Diana Kuh, University of College London & Tony Miles, study participant
Most scientific studies last for a matter of hours or days. But there’s one very important medical study that is probably the longest running of them all and this week it celebrated its 70th birthday, along with the surviving study participants - all 3000 of them from around the UK. They’ve been sharing their health and lifestyle data, across their lifetimes, with a team of MRC scientists at University College London. Connie Orbach has been hearing what the study has achieved and began by dropping in on one of the study participants, Tony Miles who lives in Cambridgeshire...
Tony - One of the female participants had a boyfriend who became her fiance, I think, and she had a load of data from the survey ARRIVE and was answering the questionnaire and stuff like that. And he approached her and said “why are you answering all these questions. These are all nosy parker things” and threw everything in the bin. But she thought, if he thinks like that he’s not going to be the husband for me and ditched him, and thanks the study for not marrying the wrong bloke.
Connie - And she still thinks it’s a good decision then?
Tony - Of course.
Connie - They’ve had wider reaching effects than maybe even they realised would happen. Relationships aside, this study has had some really important impacts since it was established in 1946, especially as it was the first ever one. Diana Khu, Director of the cohort study a.k.a. the MRC National Survey of Health & Development at UCL explains…
Diana - Britain really led the way - this was the first of the nation birth cohorts. We’re known around the world for these cohort studies and, over the years, there have been other countries who have also started off birth cohort studies in Europe, in America, and now in quite a few of the low income countries, and we learn a lot by comparing across these studies. So you can see whether findings in one cohort are actually due to find the same. Can you replicate those because that’s very important for policy, for the impact of the information if we can show that we find the same associations across these studies.
Connie - You explained how the very initial study fed into the foundation of the NHS, especially in maternity. What are the other big findings over the years that’s really affected our policy - the way that Britain works?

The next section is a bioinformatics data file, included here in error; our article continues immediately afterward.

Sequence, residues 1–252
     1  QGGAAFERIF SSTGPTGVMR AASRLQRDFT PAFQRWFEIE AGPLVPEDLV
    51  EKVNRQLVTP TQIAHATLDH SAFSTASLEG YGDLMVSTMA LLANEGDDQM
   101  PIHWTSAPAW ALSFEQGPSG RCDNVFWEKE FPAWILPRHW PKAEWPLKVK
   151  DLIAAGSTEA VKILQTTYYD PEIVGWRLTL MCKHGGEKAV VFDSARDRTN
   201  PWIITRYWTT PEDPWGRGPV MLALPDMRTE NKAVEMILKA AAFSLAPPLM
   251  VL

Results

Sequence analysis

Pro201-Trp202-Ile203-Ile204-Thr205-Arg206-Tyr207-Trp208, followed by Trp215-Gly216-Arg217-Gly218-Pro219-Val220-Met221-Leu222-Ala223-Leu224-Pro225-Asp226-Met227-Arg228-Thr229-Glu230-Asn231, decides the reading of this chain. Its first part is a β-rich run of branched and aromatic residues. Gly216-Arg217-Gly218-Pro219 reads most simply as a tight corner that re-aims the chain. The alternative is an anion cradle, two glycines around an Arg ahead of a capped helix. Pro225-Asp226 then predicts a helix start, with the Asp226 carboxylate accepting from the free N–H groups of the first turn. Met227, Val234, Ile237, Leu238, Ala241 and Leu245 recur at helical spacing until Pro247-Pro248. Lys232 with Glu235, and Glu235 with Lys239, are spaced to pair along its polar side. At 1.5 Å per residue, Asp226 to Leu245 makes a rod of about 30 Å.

Diana - Well let me pick just two. When they were children they did quite detailed cognitive tests so we knew when they were ageD eight, for example, how well they were doing cognitively. Then James Douglas followed them up - did they get through the 11 plus, did they go on to get educational qualifications, and such like. And children who were, apparently, very cognitively able but came from poorer backgrounds had much less chance of benefiting from their cognition, if you like, in later life and getting into good jobs, or schools, or whatever, and that was called the register of talent. It’s really important that we invest in children in their health and education because they are the future generation. So a lot of the study findings went into commissions looking at policy reform for education in the 60s and 70s.
Now we’re very interested in ageing and we can identify people who may be having an accelerated ageing process earlier. People who may be more susceptible to certain types of ageing trajectories and I think we need to be making sure we get in early and not waiting until people already have a lot of chronic diseases, and problems, and functional decline. I think that’s the future and our information is being used to help.
Connie - This study has clearly had far-reaching consequences but it’s not just about the way it’s changed public policy; it has also dramatically impacted the lives of people taking part. Here’s Tony again…
Tony - The team are forever thankful. The research scientists have so much data and they use everything they’ve discovered in a wide-ranging way. We’re a perfect group to see how well we’ve developed and now how well we are, and having them thank us all the time like that does make you think - Oh I’m glad I’ve done that; I’m glad I stayed in that study doing that.
Connie - Well happy birthday Tony and all the other participants - thank you all for your help. And, as a birthday present, it seems that the latest results have some good news for later life.
Diana - In the same group of people we did a wellbeing scale in their early 60s and have just repeated it. On average, people’s wellbeing has been going up on all the different aspects that we ask about, and there is a group who we were particularly interested in who have actually had a significant increase in their wellbeing. When we spoke about that at the 70th birthday party, two study members shouted from the audience “retirement!”